Dr.K. Ullas Karanth, Senior Scientist, Wildlife Conservation Society “The numbers of big cats supported in any forest area is firmly set by the available prey numbers. There are very few situations in India where prey numbers indicate there is room for introducing big cats. If captive cats are introduced (into the wild), in most cases either they will get killed by resident cats, or in a more unlikely scenario, the introduced cat may kill and replace an already resident cat. Clearly, there is no conservation gain, and the most likely outcome is predation on livestock and local people by the introduced cat, followed by a huge backlash of anger against nature reserves and predators in general…we do not need this at all. The only way to recover and increase big cat populations is to stop poaching of the cats and their prey…thereafter numbers will bounce back in a decade or two to reach potential carrying capacity; all this is hard work and there are no short cuts…but predator recoveries in many Indian reserves show this is possible…”

Behavioural and social implications

Vidya Athreya, Wildlife Biologist “A mother is absolutely crucial for the development of a cub’s skill and temperament. Hunting and survival skills apart, the mother also teaches her cubs to avoid humans. This is especially important in India where people are literally everywhere. When raised in captivity, cubs do not fear or avoid humans. Set free, such big cats are attracted to people, who invariably panic at the sight of a tiger or leopard, react aggressively, and invite counter aggression. Even a playful, young, hand-raised tiger or leopard is a powerful carnivore with fearsome weaponry in terms of claws and canines. When released in the wild, they can be extremely dangerous, and willfully turn on people – either due to their inability to hunt wild animals, or upon discovering how easy it is to bring down humans. If local people learn that a released animal has attacked a person, the life of the local forest staff, and the Forest Department’s property, will be endangered, not to mention the fate of the released animal, as was seen when a tiger released on the Maharashtra – Chattisgarh border was stoned to death”.

Veterinary implications

Dr. Aniruddha Belsare, Wildlife Veterinarian “Animals in captivity are potential hosts to a number of pathogens and parasites, which they pick up from other animals, the food they eat or the humans around them. The International Union for Conservation of Nature (IUCN) and other international bodies have specified health-screening protocols to be followed prior to release. Before any big cat is introduced into the wild it needs to undergo a rigorous regimen of periodic medical examination, such as a complete blood count, serum chemistry profile, urine analysis and fecal examination. A captive animal could easily be carrying a potentially dangerous disease, but be asymptomatic. The potentially dangerous organisms harboured by such animals may become pathogenic under conditions of stress in a new environment. Worse still, the destructive pathogens may have devastating effects on native wildlife”.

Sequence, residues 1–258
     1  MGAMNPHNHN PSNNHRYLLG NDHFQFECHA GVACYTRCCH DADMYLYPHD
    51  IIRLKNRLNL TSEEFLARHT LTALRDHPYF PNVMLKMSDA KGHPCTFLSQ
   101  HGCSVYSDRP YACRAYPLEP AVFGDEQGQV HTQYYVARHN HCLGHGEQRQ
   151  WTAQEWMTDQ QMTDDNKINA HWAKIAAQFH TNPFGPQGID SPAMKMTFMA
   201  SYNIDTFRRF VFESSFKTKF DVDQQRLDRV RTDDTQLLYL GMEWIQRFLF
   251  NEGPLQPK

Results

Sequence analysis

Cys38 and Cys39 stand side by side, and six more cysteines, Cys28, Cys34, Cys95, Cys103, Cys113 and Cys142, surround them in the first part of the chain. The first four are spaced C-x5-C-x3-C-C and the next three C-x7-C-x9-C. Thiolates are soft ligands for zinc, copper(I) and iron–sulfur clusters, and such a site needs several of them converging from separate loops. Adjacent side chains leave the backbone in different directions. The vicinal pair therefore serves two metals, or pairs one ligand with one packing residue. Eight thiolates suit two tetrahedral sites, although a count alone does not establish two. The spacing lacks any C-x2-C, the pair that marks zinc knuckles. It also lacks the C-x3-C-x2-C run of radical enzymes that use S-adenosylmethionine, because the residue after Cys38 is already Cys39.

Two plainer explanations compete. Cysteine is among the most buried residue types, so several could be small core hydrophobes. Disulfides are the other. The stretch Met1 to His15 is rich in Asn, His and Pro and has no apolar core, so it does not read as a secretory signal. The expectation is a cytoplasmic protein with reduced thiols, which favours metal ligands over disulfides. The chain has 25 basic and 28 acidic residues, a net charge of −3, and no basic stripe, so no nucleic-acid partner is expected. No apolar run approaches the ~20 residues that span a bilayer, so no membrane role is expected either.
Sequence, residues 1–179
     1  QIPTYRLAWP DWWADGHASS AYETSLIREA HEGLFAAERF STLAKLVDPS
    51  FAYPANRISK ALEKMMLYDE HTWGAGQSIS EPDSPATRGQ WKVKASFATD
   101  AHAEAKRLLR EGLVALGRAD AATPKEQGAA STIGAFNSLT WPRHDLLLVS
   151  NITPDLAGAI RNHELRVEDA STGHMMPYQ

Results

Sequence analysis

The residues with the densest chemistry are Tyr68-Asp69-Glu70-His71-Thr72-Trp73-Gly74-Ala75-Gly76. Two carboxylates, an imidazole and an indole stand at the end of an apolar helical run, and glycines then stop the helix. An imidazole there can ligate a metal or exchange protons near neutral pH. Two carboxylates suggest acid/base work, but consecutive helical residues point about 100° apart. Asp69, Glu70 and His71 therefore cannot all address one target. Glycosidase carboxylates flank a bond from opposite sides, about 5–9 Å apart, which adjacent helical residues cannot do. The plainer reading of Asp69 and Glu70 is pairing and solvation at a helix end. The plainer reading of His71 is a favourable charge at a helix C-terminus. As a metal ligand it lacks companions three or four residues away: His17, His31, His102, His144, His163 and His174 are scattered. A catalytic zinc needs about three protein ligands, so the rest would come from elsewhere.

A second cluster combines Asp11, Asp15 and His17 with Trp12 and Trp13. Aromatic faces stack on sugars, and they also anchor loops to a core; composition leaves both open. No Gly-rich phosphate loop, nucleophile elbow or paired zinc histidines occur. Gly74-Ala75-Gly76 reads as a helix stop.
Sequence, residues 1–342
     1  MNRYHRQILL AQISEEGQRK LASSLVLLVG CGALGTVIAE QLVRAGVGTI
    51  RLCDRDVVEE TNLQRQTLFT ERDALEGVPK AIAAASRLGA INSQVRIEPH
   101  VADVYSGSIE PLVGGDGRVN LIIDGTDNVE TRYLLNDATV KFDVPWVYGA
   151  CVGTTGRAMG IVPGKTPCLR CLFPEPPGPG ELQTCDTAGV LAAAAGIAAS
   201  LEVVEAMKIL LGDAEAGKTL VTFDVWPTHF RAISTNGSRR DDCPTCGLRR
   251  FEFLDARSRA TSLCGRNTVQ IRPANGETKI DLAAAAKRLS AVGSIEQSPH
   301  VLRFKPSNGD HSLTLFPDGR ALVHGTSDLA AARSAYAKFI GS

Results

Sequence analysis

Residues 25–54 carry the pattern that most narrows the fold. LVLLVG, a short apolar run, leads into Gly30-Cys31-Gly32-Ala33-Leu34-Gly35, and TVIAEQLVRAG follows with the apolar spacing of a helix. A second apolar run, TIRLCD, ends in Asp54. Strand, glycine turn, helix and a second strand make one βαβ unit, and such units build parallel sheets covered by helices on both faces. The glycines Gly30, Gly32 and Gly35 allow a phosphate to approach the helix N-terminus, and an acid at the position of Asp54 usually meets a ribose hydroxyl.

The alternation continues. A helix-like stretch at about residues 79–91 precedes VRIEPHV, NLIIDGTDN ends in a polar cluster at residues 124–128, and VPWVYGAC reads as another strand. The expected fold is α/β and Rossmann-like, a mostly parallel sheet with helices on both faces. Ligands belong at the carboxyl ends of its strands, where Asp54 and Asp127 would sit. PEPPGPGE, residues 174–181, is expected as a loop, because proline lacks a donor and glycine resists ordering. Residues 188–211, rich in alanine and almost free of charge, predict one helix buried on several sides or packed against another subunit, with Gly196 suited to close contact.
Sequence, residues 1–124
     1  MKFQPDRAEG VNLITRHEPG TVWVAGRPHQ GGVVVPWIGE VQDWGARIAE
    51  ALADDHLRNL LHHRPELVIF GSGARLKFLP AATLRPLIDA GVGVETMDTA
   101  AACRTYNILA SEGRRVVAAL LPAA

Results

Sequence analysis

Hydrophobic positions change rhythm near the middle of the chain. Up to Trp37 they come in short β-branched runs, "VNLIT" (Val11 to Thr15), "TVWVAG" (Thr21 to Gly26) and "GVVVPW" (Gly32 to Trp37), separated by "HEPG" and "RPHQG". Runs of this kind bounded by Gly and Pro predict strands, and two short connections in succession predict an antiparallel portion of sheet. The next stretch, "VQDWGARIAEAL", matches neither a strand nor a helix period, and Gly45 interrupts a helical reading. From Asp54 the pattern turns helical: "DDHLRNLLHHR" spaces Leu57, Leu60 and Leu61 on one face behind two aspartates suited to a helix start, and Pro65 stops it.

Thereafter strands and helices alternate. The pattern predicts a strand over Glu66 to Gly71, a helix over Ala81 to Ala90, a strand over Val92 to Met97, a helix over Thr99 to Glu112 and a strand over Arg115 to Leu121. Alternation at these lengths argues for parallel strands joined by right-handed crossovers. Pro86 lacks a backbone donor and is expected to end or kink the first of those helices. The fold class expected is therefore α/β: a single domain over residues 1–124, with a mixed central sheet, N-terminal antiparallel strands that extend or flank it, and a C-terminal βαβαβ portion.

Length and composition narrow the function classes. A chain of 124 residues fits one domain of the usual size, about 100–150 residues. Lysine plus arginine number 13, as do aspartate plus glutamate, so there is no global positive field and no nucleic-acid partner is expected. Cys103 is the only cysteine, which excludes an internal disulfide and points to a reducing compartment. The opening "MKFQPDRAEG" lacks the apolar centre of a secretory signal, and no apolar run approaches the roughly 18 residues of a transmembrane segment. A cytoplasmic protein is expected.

Legal implications

Praveen Bhargav, Managing Trustee, Wildlife First “The legal implications of introducing captive animals into the wild are twofold:

  1. Welfare of wildlife populations: Section 33 (b) of the Wildlife (Protection) Act, 1972 mandates that the Chief Wildlife Warden shall take steps to ensure the security of wild animals. It is a well-established concept in law that all decisions taken must be in the larger public interest. Given the potential hazards posed by introduced captive animals, it is imperative that a Chief Wildlife Warden prioritize security of the free living wild animal populations in a Protected Area over the welfare of the captive individuals.
  2. Welfare of humans: Although it can be claimed that all such introductions are undertaken in ‘good faith’, the fact that there exists a high probability of a released animal causing injury or death to humans is well known. If such an event occurs, an affected person or his or her kin could invoke Section 304 of the Indian Penal Code (IPC) (culpable homicide not amounting to murder) or IPC Section 338 (causing grievous hurt by act endangering life or personal safety of others)”.